The National Cannabis Survey of Canada reveals that 27% of its respondents who used pot in the previous three months had eaten edibles. They have been found to be the safest and most discreet of all the weed products available in the market.
However, that doesn’t mean that the edibles are any less potent than other marijuana products like the dried buds or the extracts.
But are cannabis edibles really as safe as we think? Read this post to know the answer.
Cannabis edibles – what are they?
Loved by both young and old consumers, marijuana edibles are tasty food items or beverages that are infused with cannabinoids like THC and/or CBD. They come in many forms – gummies, candies, suckers, chocolates, brownies, cookies, sauces, salad dressings, ice creams, teas, coffees, energy drinks and many other truly mouth-watering products. Most edibles have significant amounts of THC, although there are some which contain higher CBD content.
How do the cannabis edibles work on your body?
Before we delve into the question of safety, let’s first understand how marijuana edibles produce their effects on our body and brain. This is radically different from how smoking pot works, though the ultimate effects are in some way similar.
When you smoke pot the cannabinoids (THC and/or CBD) enter the bloodstream quickly through the lungs. As a result, you start to feel the effects almost immediately.
Edibles, on the other hand, work through ingestion. It means the cannabinoids enter the liver and the gastrointestinal tract first and then from there they are absorbed into the bloodstream. It’s why the edibles provide a delayed reaction. You’d have to wait up to 3 hours to feel the kick. But the high feeling you’ll get from the edibles is usually much stronger and lasts longer than smoking.
Cannabis edibles – a healthier way of taking marijuana?
While marijuana has massive medicinal benefits, nobody can deny the damaging effects of smoking to your lungs. The combustion process releases harmful toxic elements and generates excessive heat which is not good for your lungs or throat. Although vaping is a healthier option, it can still take a toll on your lungs.
Cannabis edibles, on the other hand, are completely free from these complications. As they are ingested and the cannabinoids are absorbed through your digestive system, your lungs and throat are not affected. It’s why edibles are considered to be healthier than smoking or vaping in general.
Are cannabis edibles really as safe as we think?
Despite its good reputation, some health experts beg to differ. Edibles come with unique risks. A study from last year has revealed that edibles were responsible for the 10% of weed-related ER visits in Colorado, USA. The delayed effects of edibles can make the consumer vulnerable to a possible overdose.
Lawrence Loh, clinician and public health researcher at the University of Toronto who co-authored the study, explains that “because ingested cannabis needs to be digested prior to absorption, the onset of effects is typically delayed, which might lead someone to consume more than intended early on only to experience symptoms consistent with overconsumption later on.”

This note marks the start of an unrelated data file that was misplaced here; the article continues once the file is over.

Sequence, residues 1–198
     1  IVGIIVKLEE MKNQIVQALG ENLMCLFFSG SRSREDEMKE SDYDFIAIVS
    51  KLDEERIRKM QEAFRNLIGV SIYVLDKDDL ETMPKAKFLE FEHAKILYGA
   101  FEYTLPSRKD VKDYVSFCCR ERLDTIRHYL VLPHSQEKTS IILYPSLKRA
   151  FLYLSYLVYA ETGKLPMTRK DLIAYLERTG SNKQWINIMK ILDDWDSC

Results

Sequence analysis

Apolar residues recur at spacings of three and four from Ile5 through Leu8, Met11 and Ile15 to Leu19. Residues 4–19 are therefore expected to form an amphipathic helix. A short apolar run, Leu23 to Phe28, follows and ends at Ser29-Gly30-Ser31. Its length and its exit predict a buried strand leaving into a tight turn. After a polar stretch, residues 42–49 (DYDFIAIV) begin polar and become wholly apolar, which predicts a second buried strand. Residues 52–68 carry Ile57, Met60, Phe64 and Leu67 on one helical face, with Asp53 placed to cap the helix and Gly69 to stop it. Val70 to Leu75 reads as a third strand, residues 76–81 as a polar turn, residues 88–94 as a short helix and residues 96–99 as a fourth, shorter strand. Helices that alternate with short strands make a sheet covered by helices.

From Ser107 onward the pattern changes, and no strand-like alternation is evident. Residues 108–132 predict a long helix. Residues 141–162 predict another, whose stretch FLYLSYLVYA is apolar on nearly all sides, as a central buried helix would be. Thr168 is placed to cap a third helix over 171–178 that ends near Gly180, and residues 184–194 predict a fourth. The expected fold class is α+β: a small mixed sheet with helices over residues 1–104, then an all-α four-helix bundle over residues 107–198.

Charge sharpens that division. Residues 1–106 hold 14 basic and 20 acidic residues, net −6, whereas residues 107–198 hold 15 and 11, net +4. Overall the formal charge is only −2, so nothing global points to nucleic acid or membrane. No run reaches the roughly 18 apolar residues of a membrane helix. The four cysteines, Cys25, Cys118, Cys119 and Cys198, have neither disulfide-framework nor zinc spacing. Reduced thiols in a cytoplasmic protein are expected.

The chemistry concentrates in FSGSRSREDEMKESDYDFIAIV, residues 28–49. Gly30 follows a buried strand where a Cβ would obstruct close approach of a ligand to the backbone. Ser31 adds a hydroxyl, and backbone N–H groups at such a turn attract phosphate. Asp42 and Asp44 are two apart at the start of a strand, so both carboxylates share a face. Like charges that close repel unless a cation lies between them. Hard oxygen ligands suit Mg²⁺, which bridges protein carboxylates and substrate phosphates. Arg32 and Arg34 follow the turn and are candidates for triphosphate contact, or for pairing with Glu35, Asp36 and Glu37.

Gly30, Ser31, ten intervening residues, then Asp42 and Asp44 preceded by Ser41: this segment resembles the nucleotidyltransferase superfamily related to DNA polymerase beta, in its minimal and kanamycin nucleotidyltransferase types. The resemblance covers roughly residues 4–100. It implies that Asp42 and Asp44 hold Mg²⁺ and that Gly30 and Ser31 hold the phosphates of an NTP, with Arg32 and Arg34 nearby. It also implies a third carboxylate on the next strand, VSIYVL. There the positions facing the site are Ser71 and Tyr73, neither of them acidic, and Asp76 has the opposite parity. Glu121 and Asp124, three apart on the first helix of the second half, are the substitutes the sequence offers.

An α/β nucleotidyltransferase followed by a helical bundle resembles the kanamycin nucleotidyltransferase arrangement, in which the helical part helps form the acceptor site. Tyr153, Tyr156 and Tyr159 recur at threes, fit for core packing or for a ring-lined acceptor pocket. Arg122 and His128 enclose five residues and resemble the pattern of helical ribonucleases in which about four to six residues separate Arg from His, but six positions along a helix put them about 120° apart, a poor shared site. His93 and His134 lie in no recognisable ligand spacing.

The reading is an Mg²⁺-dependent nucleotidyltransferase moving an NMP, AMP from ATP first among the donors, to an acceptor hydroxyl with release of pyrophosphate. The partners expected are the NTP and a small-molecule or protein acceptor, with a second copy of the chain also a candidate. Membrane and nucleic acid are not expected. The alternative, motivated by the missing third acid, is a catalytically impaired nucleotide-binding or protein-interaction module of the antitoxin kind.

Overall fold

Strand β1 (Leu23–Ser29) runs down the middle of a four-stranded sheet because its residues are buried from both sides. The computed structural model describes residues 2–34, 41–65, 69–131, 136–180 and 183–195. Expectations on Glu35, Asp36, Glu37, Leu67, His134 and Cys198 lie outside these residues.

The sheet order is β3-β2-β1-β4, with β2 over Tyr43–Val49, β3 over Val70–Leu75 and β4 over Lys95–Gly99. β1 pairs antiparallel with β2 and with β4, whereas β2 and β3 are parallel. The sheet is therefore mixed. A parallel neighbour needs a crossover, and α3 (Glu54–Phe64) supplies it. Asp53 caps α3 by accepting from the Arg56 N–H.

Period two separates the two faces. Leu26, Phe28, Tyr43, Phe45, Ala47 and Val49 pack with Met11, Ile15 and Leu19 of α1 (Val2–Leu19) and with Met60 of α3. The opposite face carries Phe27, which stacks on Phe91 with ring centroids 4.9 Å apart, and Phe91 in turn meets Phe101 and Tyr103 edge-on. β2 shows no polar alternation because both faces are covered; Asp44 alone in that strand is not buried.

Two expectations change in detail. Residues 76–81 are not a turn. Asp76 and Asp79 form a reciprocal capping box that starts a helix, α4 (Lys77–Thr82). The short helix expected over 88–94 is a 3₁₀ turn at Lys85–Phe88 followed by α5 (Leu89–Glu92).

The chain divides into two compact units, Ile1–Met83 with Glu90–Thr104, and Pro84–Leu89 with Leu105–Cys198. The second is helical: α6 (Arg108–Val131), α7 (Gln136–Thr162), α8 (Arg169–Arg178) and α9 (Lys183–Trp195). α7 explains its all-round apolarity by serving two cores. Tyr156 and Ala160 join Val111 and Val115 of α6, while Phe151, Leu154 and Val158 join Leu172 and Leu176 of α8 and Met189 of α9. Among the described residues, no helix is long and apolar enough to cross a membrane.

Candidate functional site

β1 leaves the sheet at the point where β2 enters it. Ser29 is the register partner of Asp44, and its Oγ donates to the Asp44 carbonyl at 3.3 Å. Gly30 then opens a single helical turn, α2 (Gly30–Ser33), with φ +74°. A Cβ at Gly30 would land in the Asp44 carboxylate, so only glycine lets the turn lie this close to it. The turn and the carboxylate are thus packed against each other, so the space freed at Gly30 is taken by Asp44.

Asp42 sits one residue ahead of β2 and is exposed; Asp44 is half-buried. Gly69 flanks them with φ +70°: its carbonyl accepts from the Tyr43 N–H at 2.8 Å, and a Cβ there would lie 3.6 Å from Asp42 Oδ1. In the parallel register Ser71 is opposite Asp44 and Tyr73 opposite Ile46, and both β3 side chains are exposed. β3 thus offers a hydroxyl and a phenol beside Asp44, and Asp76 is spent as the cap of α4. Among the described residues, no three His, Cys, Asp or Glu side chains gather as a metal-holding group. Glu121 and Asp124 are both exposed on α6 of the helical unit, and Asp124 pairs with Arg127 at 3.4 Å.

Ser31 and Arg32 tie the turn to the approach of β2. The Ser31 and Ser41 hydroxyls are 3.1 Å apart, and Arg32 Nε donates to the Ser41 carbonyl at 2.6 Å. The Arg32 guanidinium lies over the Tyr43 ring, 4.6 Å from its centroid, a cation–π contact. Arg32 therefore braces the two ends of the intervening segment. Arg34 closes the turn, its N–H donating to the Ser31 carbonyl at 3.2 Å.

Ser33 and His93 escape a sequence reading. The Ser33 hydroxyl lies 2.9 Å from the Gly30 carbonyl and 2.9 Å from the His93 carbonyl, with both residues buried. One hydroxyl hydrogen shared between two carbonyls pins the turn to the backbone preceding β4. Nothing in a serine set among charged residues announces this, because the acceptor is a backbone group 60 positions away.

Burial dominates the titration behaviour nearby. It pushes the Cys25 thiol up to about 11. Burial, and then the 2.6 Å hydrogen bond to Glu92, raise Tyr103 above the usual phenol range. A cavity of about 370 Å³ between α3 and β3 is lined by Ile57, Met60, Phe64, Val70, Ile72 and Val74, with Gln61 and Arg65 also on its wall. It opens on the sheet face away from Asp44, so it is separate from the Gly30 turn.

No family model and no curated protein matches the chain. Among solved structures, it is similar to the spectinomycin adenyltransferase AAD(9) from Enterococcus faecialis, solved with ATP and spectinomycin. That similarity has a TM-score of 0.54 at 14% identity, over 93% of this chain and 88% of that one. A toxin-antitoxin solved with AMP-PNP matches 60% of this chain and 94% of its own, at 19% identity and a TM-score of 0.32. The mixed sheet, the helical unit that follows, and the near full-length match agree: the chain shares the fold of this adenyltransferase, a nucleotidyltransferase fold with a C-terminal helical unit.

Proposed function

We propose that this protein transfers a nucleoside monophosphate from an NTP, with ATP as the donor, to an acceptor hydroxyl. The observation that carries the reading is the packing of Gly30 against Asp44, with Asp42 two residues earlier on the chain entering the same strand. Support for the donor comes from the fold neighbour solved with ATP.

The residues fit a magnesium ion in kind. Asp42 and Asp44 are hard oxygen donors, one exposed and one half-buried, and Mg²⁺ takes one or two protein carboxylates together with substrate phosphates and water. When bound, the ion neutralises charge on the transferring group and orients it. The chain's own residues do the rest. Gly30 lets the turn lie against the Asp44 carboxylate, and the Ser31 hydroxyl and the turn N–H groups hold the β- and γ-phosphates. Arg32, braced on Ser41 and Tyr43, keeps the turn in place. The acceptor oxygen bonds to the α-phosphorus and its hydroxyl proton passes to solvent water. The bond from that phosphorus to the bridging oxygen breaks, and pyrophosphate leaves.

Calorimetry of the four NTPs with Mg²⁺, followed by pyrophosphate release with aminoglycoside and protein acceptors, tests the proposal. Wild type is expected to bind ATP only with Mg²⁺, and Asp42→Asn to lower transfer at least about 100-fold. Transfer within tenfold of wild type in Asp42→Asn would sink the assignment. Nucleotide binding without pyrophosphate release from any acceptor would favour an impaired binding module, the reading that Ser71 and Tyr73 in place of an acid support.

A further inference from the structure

Risk for children
The first-time consumers, the report claims, are ‘particularly at risk’. The Canadian Centre on Substance Use and Addiction confirms that early consumption of cannabis, regardless of form, can lead to impaired brain development and poor mental health.
Edibles can put children in danger if not stored properly as they look exactly like any sweet treats. As Loh points out, edibles pose a substantial risk to young consumers, who have a very different metabolism than the adults. They are ‘susceptible to overconsumption’.
Risk for the elderlys
The elderly, those aged 65 and above, are also vulnerable when consuming edibles. Last year, Canadian Journal of Cardiology reported that a 70-year old man had a heart attack after enjoying a cannabis lollipop. Seniors and teens are usually advised to consume edibles in moderation for their body to cope up and balance out cannabidiols with their varying metabolic rates.
Weed edibles are not fatal
Although the adverse effects of edibles overconsumption are never fatal, they can be serious enough to require emergency medical attention. For the young ones, overconsumption can induce panic attacks, psychosis, and hyperemesis syndrome – a serious medical condition that causes uncontrollable vomiting.
Older consumers may experience cognitive impairment, heart arrhythmia, and run the risk of collapsing. Loh points out that many of the elderly people “may have other conditions that might place them at risk of overconsumption and other indirectly related health issues.”
When edibles are properly dosed, the possibility of overconsumption is significantly reduced. There are certain acknowledged risks but not to the point where it might cause loss of life.
Proper community awareness about how edibles work can help minimize the risks and bring more awareness to managing the effects. Whenever you are consuming cannabis edibles, don’t forget to check the dosage instructions printed on the package and administer accordingly. It’s always best to start with a low dose and work your way up slowly to a higher dose until you find the right dosage that suits you best.